Shorter radiotherapy courses for breast cancer just as safe and effective

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British researchers say when it comes to treating breast cancer in women, shorter courses of radiation at a lower overall dose appear to be just as safe and effective as the standard treatment delivered over a longer period of time.

The researchers conducted a study of nearly 4,500 women with early breast cancer and the key was to give fewer but larger treatments of radiotherapy.

The researchers from the Institute of Cancer Research and the Royal Marsden Hospital say the study results suggest that a high total dose given in 25 small treatments is no better than simpler schedules using fewer exposures to a lower total dose.

Professor John Yarnold who led the study, says the findings support long-held beliefs among British cancer specialists who have used shorter radiotherapy courses for years, compared with doctors in other developed countries such as the United States.

The researchers say their data suggests the shorter treatment schedule is at least as safe and effective as the international standard, which is good news for cancer patients.

The research involved 4,500 women in which about half received standard radiotherapy of 25 treatments, five times per week over five weeks while the others received a lower total dose given in fewer, larger treatments in either three or five weeks.

Researchers then compared the rate of cancer recurrence in the treated breast along with the effects of the treatment on surrounding healthy breast tissues.

The researchers say the incidents of side effects were low, and no higher in women receiving the revised treatment while the shorter course appeared just as effective in attacking tumours.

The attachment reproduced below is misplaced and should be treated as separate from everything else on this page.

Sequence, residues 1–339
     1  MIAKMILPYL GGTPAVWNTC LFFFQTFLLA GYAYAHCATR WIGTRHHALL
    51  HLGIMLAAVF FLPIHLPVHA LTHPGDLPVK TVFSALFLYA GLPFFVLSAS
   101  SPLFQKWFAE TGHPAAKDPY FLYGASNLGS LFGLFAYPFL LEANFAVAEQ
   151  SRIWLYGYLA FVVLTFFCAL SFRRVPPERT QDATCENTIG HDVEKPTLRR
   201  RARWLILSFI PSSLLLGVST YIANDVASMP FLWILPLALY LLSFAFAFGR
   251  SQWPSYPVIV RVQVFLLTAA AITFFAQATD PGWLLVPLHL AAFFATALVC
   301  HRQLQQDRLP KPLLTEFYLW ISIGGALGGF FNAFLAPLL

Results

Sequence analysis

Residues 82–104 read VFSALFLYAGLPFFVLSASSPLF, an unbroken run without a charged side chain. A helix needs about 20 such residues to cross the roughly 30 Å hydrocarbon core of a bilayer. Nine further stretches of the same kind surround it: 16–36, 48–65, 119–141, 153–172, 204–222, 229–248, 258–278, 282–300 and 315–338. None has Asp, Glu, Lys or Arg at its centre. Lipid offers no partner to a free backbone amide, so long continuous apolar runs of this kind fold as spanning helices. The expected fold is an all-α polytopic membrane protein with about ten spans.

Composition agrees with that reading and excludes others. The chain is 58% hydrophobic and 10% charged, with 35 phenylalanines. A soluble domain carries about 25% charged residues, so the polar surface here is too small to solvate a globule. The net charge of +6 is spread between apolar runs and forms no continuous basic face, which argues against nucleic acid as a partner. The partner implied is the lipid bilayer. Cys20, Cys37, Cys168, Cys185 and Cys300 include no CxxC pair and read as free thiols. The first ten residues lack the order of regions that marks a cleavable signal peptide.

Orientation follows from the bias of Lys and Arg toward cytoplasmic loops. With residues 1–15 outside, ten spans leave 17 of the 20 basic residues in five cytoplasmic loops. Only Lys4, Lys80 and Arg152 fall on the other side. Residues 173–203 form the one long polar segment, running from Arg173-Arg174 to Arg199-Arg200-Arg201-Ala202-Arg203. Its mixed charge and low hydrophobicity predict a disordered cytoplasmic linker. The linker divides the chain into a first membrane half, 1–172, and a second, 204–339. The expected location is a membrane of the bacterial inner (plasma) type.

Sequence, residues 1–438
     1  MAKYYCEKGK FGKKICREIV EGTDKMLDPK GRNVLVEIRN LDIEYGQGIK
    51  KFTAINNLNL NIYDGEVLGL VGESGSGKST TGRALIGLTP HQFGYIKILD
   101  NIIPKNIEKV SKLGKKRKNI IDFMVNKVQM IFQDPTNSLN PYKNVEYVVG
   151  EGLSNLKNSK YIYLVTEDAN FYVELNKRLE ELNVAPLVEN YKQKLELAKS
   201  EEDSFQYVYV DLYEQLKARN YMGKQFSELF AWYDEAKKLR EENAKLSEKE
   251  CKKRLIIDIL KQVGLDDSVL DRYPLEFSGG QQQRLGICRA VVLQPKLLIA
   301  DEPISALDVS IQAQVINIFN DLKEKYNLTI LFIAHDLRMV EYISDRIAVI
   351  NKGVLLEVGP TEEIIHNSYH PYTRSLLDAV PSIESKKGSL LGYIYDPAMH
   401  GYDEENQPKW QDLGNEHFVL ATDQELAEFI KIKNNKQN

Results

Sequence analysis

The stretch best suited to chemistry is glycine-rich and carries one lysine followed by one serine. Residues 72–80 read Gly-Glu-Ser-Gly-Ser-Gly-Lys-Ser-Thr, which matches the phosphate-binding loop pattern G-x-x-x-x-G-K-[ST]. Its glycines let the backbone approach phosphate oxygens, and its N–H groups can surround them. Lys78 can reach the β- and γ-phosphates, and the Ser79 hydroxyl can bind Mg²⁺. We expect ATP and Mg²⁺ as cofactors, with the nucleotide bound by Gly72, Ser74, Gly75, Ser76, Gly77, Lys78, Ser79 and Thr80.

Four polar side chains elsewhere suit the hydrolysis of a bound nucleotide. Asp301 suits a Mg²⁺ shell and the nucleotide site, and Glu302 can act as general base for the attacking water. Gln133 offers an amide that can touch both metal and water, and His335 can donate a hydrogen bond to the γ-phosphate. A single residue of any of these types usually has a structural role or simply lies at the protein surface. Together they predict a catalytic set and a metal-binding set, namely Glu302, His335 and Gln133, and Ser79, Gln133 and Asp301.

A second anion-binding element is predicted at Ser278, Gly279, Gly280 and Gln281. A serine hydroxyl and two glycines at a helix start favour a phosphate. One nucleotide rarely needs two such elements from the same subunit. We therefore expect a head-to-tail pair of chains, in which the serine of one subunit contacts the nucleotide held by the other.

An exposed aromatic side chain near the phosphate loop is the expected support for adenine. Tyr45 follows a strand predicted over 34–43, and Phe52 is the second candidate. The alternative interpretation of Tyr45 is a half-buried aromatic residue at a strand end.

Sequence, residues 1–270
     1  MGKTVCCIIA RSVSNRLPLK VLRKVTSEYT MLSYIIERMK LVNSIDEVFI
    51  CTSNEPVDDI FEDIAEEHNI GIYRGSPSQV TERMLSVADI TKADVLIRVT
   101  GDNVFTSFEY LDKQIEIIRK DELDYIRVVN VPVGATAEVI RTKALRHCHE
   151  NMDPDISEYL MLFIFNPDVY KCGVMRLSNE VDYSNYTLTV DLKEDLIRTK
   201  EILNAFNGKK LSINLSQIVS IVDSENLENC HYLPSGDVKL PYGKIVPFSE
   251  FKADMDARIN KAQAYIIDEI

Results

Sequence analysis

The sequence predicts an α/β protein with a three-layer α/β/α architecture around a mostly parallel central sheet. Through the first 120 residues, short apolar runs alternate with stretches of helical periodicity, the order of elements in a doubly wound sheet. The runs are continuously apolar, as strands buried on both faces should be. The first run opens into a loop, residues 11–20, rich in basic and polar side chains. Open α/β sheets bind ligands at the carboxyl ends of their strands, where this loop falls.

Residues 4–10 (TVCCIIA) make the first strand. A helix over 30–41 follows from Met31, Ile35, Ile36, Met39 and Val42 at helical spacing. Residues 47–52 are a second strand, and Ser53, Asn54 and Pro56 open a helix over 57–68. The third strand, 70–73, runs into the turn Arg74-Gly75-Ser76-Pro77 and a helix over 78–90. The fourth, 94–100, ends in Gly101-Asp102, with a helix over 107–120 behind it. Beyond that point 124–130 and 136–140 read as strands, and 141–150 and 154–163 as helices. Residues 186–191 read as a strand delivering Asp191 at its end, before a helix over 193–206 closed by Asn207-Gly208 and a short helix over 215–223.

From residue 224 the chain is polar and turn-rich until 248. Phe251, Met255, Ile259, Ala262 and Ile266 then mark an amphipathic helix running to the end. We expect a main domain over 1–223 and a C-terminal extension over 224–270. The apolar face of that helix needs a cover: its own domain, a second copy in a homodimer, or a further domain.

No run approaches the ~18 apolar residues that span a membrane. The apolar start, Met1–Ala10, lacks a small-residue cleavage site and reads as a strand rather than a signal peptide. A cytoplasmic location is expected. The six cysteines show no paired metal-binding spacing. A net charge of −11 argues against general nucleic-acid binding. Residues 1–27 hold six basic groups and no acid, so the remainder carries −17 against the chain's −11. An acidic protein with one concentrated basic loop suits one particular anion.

The researchers say this is the first systematic and reliable evaluation to compare the longer international treatment and the shorter revised UK treatment.

Breast cancer is the leading cause of cancer death among women worldwide and it is estimated that about 465,000 women died from the disease in 2007.

The stage or severity of the disease does decide what the treatment will be and once surgery has remove the tumour, radiotherapy is given to kill remaining cancer cells in the breast and chemotherapy to destroys cells that may have spread from the tumour site.

Professor Yarnold says the results could lead to better treatments in the future, especially if further research shows even higher doses during shorter radiotherapy courses are just as safe and effective.

The research is published in the journal Lancet Oncology.


The opinions expressed here are the views of the writer and do not necessarily reflect the views and opinions of News Medical.
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